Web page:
Ethan Penner Sees Unprecedented Period of Economic Instability Until Vaccine is Found
By: Mosaic Real Estate Investors
LOS ANGELES - May 7, 2020 - PRLog -- The market disruption caused by the Covid-19 pandemic and the response by governments to enforce protracted stay-at-home policies, will likely result in an unprecedented period of economic instability and recession that could last as long as three years, according to Ethan Penner, a leading real estate finance expert.
"Economic expansion and asset value reflation following the global financial crisis of 2008 was already 'long in the tooth' and a correction/downturn was not a question of if, but when," said Penner, CEO and co-founder of Mosaic Real Estate Investors. "A slowdown was inevitable, but given strong employment, solid job growth and a low interest rate environment, a soft landing was expected. That all changed in March when the virus and the nation's reaction to it put the brakes on almost every sector of the U.S. economy."
Until a vaccine is found for Covid-19, the road to recovery will most likely be extremely bumpy, according to Penner, who is credited with creating the CMBS market that helped the U.S. economy emerge from the recession of the early 1990s. While there are approximately 100 candidates under review and hope that one can be developed as soon as the fourth quarter, which would be an historically rapid outcome, expert consensus is that it will take at least many more months before an effective vaccine will be approved and delivered for broad public use.
While states are beginning to lift restrictions in order to open up their economies, the initial steps are very small and the buy-in of the population very tepid, indicating that it will take some time before most Americans feel safe to resume their normal activities, including shopping, dining out and traveling. According to a recent Washington Post/University of Maryland poll, only 31 percent of respondents believed "the worst is behind us" and 69 percent said retail shops should not be allowed to open. "With consumer spending the primary driver of economic growth, there will be a lot of pain at every level over the next 12 to 18 months," said Penner.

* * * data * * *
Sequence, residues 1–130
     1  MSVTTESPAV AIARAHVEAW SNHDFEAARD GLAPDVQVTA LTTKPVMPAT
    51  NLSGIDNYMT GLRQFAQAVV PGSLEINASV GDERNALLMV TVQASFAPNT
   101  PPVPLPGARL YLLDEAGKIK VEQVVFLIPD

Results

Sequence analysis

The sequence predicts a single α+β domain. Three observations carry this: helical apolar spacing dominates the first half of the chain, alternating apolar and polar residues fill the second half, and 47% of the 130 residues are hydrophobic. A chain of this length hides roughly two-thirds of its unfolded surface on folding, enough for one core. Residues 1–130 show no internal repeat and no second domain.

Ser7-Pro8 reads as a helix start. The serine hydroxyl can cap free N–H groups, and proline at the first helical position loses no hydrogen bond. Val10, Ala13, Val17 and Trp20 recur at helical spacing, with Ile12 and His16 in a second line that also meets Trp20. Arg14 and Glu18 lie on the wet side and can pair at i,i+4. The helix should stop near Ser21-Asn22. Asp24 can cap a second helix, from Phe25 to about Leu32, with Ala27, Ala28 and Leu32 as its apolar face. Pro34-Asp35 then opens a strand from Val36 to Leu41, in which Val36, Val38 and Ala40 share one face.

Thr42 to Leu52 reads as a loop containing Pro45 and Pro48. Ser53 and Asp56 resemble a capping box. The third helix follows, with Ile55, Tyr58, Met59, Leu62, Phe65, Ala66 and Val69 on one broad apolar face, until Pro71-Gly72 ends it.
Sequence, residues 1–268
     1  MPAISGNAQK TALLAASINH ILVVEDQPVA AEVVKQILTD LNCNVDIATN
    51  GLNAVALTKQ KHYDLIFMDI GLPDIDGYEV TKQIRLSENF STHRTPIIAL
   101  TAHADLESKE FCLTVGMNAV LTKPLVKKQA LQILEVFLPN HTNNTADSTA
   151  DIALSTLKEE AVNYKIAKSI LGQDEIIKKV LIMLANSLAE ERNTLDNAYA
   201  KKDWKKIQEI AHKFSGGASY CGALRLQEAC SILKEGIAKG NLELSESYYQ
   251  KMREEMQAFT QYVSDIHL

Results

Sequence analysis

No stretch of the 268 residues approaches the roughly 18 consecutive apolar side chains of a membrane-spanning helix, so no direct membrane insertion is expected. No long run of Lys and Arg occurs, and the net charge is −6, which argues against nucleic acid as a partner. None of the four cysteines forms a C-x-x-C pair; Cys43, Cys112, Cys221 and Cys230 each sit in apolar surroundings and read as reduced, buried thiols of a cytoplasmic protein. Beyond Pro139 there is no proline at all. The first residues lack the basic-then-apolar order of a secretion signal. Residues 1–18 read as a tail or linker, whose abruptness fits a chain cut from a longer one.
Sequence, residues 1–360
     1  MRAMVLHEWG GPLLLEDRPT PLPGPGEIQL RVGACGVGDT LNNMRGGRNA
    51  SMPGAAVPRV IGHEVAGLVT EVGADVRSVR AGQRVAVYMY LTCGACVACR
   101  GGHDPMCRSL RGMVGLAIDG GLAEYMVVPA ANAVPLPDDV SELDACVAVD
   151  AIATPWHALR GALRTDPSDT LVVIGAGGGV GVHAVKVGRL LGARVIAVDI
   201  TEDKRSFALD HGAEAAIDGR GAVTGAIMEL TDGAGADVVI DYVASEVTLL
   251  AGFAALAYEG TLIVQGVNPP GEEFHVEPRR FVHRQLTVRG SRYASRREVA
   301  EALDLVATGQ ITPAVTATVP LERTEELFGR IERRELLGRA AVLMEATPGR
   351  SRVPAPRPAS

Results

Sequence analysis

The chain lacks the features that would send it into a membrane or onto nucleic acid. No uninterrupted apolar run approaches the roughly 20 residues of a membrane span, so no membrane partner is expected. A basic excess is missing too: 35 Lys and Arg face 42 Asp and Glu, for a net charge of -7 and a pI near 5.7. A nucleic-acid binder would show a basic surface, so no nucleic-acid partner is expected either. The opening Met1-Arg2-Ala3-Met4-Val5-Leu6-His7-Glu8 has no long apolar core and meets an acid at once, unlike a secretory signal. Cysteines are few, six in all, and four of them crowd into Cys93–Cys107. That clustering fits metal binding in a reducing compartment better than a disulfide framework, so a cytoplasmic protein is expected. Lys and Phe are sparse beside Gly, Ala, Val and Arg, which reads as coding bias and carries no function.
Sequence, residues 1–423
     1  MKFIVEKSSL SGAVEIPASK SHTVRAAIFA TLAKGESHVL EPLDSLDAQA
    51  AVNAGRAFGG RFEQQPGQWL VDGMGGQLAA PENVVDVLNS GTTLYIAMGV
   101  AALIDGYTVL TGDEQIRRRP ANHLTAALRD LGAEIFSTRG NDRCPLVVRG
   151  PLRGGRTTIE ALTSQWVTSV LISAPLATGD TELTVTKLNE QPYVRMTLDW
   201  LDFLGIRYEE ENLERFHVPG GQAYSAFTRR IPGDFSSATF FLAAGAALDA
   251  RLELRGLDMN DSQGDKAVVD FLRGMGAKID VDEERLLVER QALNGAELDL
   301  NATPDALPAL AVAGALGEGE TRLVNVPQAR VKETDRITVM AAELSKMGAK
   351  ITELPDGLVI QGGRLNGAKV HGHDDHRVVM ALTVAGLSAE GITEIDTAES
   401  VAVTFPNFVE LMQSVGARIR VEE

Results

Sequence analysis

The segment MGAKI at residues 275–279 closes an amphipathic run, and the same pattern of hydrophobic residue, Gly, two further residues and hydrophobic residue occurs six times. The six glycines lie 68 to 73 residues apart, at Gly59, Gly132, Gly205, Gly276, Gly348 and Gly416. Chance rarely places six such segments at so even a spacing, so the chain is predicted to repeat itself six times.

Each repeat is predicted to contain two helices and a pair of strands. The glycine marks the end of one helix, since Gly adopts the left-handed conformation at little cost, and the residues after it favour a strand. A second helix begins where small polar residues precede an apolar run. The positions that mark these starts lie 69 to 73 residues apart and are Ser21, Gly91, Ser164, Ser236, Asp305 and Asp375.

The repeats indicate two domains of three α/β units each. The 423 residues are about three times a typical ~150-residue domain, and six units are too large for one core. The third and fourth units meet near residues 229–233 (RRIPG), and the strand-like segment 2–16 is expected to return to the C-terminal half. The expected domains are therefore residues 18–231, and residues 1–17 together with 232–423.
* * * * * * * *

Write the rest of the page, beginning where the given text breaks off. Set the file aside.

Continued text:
"The health of the commercial real estate market is directly related to the health of the economy," added Penner. "We are in the midst of an historic liquidity crisisand a market dislocation resembling the most extreme ones of modern times, including the 2008 subprime mortgage crisis and the market downturn of the early 1990s that is commonly referred to as "the Savings & Loan Crisis." Investors, developers, commercial and residential landlords are all facing the potential for significant financial losses."
Chief among those that will experience the greatest heartache are borrowers that utilized short-term financing for long-term assets with the belief that banks would continue to re-up their loans at each maturity. In an illiquid market, that's simply not the way things work. Those borrowers, happy to take the gamble during good times and harvest the financial benefits associated with that strategy, are faced with losses and even the prospect of losing assets entirely unless they obtain capital to bridge the divide. This situation is not restricted to property owners, but also to private lenders who utilized bank warehouse facilities to leverage their returns.
"In the worst-case scenario, it may take three years or even more before an asset is stabilized and owners and investors can count on generating revenue levels commensurate with their 2019 levels again. A key for every asset owner, even those with the very best real estate assets, will be to ensure that they have enough liquidity to survive until that time. This will likely involve attracting new investor capital, in that no real estate owners would have ever thought to have that level of liquidity on their balance sheet. "Even accepting that investors today will require a higher return, reflecting today's high-risk and less liquid market, taking this capital and paying the freight to do so is a relatively small price to pay to preserve investments that will likely rebound in value after this storm has passed," said Penner.
At the same time, for those positioned to invest, there will be ample opportunity to invest into assets that will appreciate in the years to come, according to Penner.
"Overall, most properties that were good investments before Covid-19 are going to be solid bets after recovery. This crisis will likely serve to exacerbate the trends that were already in place in separating the quality assets, that are positioned to thrive, from the poorer-positioned ones which may very well experience significant levels of demise."
DB&R Marketing Communications, Inc.
Page Updated Last on: May 15, 2020